Jump to Navigation

Increased credit use may not be good news

Readers in the Washington, D.C., area may be aware the use of revolving credit is on the rise. In fact, there was a surge of slightly over 10 percent in consumer debt during April. This is a large spike after many years of decline and modest increases in the years since the housing crisis. Some experts feel this is good news that will create an economic boom, while others feel it may actually lead to another credit bubble.

People may be using more revolving credit, but it may not signal economic recovery as much as it shows that family income is flat, and credit is used for necessities such as gas and food. Also contributing to the increase in debt are college loans, car loans and emergency loans to pay bills.

There are steps consumers can take to avoid piling up debt. The steps include spending less, using cash, only making affordable large purchases and always making payments that are above the minimum due. To accomplish these goals, consumers should be aware of how long it will take to pay off a balance making minimum payments. They should take advantage of offers for balance transfers to low or no interest cards and be careful of offers that claim to help consumers out of debt because they are often scams.

It is still difficult for many families to pay for day-to-day expenses out of their paychecks, so they turn to credit cards to fill the gaps. If the debt can be managed responsibly, it can be a useful way to help in, for example, an unexpected emergency. However, long-term reliance on such a habit can lead to debts that are unmanageable. It is certainly wise to try and pay off credit debt, but if that becomes impossible, it may be necessary to investigate the bankruptcy process.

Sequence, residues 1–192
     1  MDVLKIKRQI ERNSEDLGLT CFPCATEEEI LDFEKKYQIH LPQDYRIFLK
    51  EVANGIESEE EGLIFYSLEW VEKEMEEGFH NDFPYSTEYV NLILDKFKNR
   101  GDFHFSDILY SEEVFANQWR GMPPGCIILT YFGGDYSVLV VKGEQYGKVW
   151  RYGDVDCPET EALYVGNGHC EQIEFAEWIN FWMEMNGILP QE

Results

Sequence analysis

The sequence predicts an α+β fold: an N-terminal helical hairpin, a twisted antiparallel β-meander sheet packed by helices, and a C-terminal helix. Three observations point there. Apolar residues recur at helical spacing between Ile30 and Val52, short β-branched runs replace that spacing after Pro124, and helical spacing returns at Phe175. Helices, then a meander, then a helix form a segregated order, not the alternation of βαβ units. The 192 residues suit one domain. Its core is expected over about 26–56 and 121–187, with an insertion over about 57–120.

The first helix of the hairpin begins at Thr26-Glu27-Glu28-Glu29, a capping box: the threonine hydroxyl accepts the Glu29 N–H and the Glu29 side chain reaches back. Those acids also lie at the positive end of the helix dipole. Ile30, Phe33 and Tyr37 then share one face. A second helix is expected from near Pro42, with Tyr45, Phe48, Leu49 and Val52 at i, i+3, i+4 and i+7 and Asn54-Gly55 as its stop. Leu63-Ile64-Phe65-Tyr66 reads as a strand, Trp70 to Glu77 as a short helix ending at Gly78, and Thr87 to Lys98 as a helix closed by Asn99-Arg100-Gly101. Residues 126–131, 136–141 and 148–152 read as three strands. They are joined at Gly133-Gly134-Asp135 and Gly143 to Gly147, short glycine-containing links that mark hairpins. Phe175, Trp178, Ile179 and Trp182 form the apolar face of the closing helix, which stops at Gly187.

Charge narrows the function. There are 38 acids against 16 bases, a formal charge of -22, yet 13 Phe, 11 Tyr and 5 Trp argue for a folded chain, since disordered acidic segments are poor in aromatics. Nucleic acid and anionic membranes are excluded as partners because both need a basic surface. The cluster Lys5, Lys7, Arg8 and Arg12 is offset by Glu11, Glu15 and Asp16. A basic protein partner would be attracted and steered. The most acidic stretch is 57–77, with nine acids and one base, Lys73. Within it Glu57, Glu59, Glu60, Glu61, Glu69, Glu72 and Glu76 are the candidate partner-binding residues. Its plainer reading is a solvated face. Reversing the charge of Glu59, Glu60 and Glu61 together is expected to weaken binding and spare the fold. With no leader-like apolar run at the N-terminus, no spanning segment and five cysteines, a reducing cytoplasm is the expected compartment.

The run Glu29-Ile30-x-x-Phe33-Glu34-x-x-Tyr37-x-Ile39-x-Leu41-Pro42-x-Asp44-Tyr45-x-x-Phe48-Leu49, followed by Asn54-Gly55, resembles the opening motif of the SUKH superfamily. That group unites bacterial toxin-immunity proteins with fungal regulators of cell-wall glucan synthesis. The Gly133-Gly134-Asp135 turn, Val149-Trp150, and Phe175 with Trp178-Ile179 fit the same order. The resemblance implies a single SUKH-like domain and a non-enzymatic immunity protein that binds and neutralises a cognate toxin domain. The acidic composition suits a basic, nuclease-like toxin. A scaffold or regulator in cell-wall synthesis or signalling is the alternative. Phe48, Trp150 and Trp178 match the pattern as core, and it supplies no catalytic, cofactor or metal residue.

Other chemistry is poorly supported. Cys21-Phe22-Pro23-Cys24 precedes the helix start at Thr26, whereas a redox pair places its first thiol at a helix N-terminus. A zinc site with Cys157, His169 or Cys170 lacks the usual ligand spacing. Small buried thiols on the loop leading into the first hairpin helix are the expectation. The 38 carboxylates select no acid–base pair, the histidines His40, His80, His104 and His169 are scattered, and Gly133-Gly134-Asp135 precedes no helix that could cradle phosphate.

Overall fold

Source: Minyanville, "Credit Card, Household Debt May Be the Next Bubble to Burst: How to Protect Yourself", Carol Kopp, June 26, 2014

No Comments

Leave a comment
Comment Information
Start Right Now

Bold labels are required.

Contact Information

The use of the Internet or this form for communication with the firm or any individual member of the firm does not establish an attorney-client relationship. Confidential or time-sensitive information should not be sent through this form.

Visit Our Bankruptcy Law Website Subscribe to This Blog's Feed
Office Locations

1115 Massachusetts Ave NW,
Washington, DC 20005
Phone: 202-559-1428

10512 Pohick Court,
Fairfax Station, VA 22039
Phone: 703-550-7030

6926 Seven Locks Road,
Cabin John, MD 20818
Phone: 301-890-4500

Toll-Free: 877-441-4076
Fax: 202-638-5858

Twitter link